Harry Pavlidis On Carlos Marmol

The finest Pitch F/x man to bleed cubbie blue, Harry Pavlidis, took a look today at Carlos Marmol's fastball and slider. The news was not good:
While his fastball velocity has dropped, his slider has picked up speed and is back to as-fast-as-ever. One key for Marmol is having separation between his two pitches. Speed is just one aspect, movement is another.

PITCHf/x gives us both vertical spin deflection (or movement, when gravity is added back in as shown below) and lateral spin deflection (or movement). Guess what? Convergence.
As the chart (above) shows, the speed difference and the movement difference have both narrowed since 2007. The results have been declining statistics.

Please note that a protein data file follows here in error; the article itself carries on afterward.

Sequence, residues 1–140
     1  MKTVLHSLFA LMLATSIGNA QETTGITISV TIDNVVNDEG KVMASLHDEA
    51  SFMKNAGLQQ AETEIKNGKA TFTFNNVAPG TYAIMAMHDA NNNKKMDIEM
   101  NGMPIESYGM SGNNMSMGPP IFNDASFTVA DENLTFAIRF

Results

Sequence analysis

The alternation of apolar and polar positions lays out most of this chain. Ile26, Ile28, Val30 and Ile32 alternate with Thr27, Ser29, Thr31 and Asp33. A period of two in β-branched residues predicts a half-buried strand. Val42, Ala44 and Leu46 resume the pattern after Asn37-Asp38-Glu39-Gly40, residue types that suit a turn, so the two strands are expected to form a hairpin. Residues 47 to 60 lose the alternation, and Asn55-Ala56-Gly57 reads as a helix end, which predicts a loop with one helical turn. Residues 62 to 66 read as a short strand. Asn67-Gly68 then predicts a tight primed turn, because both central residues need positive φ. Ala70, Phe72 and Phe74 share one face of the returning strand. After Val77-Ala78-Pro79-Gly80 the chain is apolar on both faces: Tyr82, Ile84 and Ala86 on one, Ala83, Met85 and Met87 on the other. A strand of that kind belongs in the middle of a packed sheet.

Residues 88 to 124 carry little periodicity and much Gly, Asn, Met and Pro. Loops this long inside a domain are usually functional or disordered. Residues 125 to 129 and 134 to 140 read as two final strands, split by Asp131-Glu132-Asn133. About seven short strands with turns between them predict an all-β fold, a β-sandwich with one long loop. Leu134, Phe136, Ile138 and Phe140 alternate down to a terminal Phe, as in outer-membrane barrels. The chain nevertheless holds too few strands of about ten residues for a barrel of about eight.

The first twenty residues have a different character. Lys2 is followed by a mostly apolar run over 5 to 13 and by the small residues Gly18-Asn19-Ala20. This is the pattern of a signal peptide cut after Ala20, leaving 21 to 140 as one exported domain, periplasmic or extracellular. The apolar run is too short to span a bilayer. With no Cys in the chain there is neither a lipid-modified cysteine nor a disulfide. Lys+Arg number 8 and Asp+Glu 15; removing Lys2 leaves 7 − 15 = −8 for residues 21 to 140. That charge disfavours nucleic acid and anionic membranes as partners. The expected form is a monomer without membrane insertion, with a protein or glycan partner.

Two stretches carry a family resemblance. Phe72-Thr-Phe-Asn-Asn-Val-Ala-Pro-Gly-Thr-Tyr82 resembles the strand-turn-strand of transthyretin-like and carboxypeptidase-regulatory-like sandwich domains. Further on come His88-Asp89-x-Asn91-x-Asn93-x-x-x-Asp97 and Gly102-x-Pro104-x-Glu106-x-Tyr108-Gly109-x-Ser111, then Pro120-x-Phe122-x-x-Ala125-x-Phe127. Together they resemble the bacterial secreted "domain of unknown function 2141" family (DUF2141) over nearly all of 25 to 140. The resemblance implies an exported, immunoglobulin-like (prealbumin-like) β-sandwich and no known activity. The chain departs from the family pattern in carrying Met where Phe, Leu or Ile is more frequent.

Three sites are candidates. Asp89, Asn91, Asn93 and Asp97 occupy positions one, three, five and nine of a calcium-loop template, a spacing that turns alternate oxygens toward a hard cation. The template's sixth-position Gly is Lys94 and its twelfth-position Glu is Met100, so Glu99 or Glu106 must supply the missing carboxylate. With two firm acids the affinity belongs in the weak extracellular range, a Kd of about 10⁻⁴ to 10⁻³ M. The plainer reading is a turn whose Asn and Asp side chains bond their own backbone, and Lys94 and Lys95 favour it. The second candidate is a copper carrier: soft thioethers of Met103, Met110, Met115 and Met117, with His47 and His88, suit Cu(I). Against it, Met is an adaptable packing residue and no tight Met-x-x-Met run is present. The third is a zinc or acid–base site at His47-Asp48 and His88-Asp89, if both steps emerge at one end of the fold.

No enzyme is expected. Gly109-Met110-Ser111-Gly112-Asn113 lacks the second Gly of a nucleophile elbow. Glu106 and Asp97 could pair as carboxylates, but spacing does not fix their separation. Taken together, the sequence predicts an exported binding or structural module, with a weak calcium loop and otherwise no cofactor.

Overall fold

Sure, this could be a blip on the radar of Marmol's career, but the tough thing is, with relievers, we have no idea what will happen next.

Put it all together and you end up with a pitcher with a quality whiff rate (.31) which may not be as amazing as 2010 but still very good. Even his ground ball rate ends up being a wash, but there are has been a doubling in home runs per FB+LD and a halving of pop-ups per ball in play.

Take away those automatic outs in the infield, combined with a return from otherworldly whiff rates, and Marmol has fallen off the elite closer stack. Regain the separation, stop getting squared-up? I hope we get to find out sooner than later.

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